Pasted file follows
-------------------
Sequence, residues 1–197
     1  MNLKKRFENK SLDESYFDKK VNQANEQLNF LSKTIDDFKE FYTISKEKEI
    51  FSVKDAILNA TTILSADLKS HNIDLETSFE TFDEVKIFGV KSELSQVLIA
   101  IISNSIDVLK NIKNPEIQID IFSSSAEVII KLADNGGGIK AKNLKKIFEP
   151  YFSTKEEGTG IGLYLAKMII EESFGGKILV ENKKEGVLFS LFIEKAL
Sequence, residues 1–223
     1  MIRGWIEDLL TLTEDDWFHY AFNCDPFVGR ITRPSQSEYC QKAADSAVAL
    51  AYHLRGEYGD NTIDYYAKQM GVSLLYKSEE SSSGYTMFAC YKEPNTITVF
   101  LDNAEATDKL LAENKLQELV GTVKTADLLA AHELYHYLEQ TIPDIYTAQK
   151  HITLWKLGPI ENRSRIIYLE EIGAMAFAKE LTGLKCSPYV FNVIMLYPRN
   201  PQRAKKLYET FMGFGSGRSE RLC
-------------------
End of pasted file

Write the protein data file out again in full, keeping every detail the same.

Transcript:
Sequence, residues 1–197
     1  MNLKKRFENK SLDESYFDKK VNQANEQLNF LSKTIDDFKE FYTISKEKEI
    51  FSVKDAILNA TTILSADLKS HNIDLETSFE TFDEVKIFGV KSELSQVLIA
   101  IISNSIDVLK NIKNPEIQID IFSSSAEVII KLADNGGGIK AKNLKKIFEP
   151  YFSTKEEGTG IGLYLAKMII EESFGGKILV ENKKEGVLFS LFIEKAL
Sequence, residues 1–223
     1  MIRGWIEDLL TLTEDDWFHY AFNCDPFVGR ITRPSQSEYC QKAADSAVAL
    51  AYHLRGEYGD NTIDYYAKQM GVSLLYKSEE SSSGYTMFAC YKEPNTITVF
   101  LDNAEATDKL LAENKLQELV GTVKTADLLA AHELYHYLEQ TIPDIYTAQK
   151  HITLWKLGPI ENRSRIIYLE EIGAMAFAKE LTGLKCSPYV FNVIMLYPRN
   201  PQRAKKLYET FMGFGSGRSE RLC